Digital Transformation Shouldn’t Be Disruptive
Digital transformation is at its best when implemented purposefully and methodically, avoiding the negative repercussions of forklift overhauls and disruptive paradigm shifts.
By Johnny Rosa
Modern businesses in every industry have realized the power of technology. “Digital Transformation” has landed on the roadmap of many corporations. The phrase is popular, but some business leaders have confused what it really means for their companies. In the past few years, digital technology has grown in leaps and bounds.
No longer contained to IT improvements, digital can be used to improve every aspect of today’s business operations and value propositions. It’s not surprising why some business leaders think digital transformation necessitates large investments in technology, total paradigm shifts from traditional to digital processes, and company-wide disruptions. Working with our customers through many digital transformations, our team at Zappix has found the best, most successful transformations aren’t massive overhauls, but often are purposeful, methodical shifts transforming the most beneficial aspects of businesses over time. New research from Harvard Business Review has validated our experiences:
“To be sure, in some cases such a paradigm shift is involved. But our research and work suggest that for most companies, digital transformation means something very different from outright disruption … more often than not, transformation means incremental steps to better deliver the core value proposition.”
— Harvard Business Review
Many business leaders make the mistake of looking to companies with radical technology adoption as examples of digital transformation innovators. This process of launching brand new technology solutions to address brand new customer needs and largely pivoting a brand’s value proposition and business model doesn’t apply to most companies. These large paradigm shifts are costly and can be very disruptive to employees having to learn new systems, IT needing to manage new processes, and customers having to adjust to new interfaces and value propositions.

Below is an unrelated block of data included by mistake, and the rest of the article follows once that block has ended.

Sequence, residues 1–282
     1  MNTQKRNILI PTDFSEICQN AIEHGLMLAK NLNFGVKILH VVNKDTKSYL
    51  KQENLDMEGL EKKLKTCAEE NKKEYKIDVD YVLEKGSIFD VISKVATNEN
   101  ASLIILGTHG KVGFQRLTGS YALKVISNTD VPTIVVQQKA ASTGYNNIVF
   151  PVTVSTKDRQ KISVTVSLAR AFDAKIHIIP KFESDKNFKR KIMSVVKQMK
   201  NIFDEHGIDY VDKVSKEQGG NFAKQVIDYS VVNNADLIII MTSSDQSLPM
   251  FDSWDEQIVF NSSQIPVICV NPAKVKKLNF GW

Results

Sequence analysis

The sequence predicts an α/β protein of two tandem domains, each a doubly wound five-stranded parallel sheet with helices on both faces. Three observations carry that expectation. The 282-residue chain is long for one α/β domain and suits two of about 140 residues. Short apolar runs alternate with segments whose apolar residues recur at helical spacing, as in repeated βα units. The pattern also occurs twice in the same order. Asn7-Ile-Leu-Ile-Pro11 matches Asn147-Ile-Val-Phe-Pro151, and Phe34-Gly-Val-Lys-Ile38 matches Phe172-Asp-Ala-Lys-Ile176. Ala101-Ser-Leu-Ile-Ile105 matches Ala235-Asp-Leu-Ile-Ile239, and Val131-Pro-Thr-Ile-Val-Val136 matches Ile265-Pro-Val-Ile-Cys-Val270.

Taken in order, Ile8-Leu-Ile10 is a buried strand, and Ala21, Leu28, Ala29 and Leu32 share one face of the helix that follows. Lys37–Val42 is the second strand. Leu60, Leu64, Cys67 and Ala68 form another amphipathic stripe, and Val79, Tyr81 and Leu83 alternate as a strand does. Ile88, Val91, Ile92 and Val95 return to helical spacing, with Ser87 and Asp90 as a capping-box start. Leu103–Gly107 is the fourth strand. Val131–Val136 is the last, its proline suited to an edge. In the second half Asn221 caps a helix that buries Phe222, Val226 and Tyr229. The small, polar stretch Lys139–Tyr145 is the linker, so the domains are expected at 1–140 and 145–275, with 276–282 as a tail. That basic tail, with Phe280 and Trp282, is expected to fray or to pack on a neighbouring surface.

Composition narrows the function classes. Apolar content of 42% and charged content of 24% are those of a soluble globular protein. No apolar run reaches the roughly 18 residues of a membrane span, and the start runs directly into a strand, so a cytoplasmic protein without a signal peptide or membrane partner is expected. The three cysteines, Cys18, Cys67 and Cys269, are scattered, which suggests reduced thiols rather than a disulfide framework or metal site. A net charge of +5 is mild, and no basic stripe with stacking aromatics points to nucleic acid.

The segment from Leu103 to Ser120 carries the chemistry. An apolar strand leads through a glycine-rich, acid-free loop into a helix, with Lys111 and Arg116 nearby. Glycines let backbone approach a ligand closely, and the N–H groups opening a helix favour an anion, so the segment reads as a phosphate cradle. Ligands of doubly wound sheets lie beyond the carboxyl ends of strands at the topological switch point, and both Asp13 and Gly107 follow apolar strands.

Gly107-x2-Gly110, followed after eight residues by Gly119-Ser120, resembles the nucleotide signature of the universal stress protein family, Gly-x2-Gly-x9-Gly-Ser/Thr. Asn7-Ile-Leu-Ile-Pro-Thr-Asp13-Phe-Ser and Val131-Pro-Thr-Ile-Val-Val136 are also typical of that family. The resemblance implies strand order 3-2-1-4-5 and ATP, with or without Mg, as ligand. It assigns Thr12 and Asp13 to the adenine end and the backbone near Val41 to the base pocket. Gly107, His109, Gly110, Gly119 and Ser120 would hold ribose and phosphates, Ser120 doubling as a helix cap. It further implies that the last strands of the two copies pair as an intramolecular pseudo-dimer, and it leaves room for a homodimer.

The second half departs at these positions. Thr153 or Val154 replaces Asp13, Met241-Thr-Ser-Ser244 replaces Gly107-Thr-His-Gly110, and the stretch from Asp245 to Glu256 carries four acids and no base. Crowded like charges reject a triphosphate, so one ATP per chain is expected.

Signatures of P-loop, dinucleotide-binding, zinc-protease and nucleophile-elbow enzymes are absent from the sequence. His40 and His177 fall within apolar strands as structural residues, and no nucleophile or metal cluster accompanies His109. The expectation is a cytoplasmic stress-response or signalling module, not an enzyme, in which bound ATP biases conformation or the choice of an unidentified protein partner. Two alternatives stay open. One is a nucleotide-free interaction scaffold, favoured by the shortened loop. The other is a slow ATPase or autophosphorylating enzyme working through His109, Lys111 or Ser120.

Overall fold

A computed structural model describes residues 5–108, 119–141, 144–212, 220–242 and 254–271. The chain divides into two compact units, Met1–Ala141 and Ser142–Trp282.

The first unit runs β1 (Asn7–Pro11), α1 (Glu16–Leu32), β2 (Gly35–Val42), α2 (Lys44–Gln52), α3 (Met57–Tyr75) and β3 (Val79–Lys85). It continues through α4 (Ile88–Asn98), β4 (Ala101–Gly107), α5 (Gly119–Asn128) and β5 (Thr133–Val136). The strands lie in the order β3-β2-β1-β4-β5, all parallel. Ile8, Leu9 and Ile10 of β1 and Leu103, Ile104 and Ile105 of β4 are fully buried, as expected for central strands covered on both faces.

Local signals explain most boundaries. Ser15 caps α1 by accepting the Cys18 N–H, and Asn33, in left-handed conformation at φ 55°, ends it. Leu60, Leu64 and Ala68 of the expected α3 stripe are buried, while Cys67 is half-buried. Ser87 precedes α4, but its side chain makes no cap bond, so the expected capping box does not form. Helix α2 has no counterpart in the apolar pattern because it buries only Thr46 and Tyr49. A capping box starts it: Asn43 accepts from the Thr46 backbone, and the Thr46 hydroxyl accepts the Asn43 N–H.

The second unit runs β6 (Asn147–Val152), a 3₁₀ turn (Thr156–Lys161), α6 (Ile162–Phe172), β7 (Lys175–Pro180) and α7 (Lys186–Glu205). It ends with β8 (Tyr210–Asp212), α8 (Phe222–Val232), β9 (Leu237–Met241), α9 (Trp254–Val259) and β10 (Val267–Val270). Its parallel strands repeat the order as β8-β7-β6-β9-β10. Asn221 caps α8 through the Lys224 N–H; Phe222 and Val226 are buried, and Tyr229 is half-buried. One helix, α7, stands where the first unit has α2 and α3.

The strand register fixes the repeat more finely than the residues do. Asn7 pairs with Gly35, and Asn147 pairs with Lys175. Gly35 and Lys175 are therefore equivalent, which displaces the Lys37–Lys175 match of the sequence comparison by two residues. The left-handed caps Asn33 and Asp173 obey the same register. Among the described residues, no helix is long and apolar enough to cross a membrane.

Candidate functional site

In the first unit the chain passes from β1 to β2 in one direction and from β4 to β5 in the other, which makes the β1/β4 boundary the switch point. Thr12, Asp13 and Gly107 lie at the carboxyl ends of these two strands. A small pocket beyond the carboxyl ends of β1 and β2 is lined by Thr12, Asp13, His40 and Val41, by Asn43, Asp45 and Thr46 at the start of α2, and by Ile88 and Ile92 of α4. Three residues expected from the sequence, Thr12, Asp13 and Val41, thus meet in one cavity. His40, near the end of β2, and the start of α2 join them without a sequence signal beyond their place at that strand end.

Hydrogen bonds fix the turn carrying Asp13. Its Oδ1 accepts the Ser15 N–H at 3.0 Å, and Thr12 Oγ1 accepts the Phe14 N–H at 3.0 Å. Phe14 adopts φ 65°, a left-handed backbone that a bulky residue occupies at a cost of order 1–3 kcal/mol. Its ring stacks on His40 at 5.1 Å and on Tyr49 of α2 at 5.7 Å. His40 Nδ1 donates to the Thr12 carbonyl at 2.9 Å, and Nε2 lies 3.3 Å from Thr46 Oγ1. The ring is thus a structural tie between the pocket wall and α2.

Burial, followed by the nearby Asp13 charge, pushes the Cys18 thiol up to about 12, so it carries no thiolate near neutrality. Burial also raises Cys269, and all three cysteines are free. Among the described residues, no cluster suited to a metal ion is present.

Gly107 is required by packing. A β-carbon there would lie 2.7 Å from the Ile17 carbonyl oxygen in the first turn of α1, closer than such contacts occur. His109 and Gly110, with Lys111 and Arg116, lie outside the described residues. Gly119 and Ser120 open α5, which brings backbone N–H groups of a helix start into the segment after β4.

For companies not built for these rapid changes, the resulting disruption can cause more harm than good. HBR looked at the case of TUI UK, a travel agency, for better insight: “…experience suggests that attempts to replace multiple complex, mission-critical systems all at once nearly always end in disaster. Instead, in the words of Jacky Simmonds, who was part of the [TUI Digital Transformation] leadership team, ‘the key was to envision the ideal customer journey and then see how it could make business sense through a digital lens.’”
TUI’s digital transformation success stemmed from their plans for gradual adoption of technology purposefully brought in to develop and improve the core business values they already centered their business around. This is key. Digital transformation shouldn’t change the value chains of most businesses. The best value for companies committed to digital transformation comes from using new technology to increase efficiencies, improve experiences, and streamline processes that are directly connected to their business.
HBR suggests businesses focus on improving customer experience (CX) and reducing costs. They found, “Managers who believe that digital disruption requires wholesale reinvention of the core business end up running in a thousand directions. But if the challenge is simply to better address their customers’ jobs to be done, they will most likely focus on the technologies that have the greatest effect on their customers (such as customer experience or relationship synergies) or their core capabilities (such as cost synergies).”
Digital transformation shouldn’t disrupt your entire business model. New and emerging digital technologies like Visual IVR, chatbots, and other on-demand solutions should be implemented methodically to complement and enhance existing value propositions, customer experiences, and employee tasks. Done well and implemented over time, digital transformation can make big strides in efficiency, cost, and CX. When business leaders begin approaching digital transformation from an evolutionary instead of a revolutionary standpoint, we’ll start seeing real success.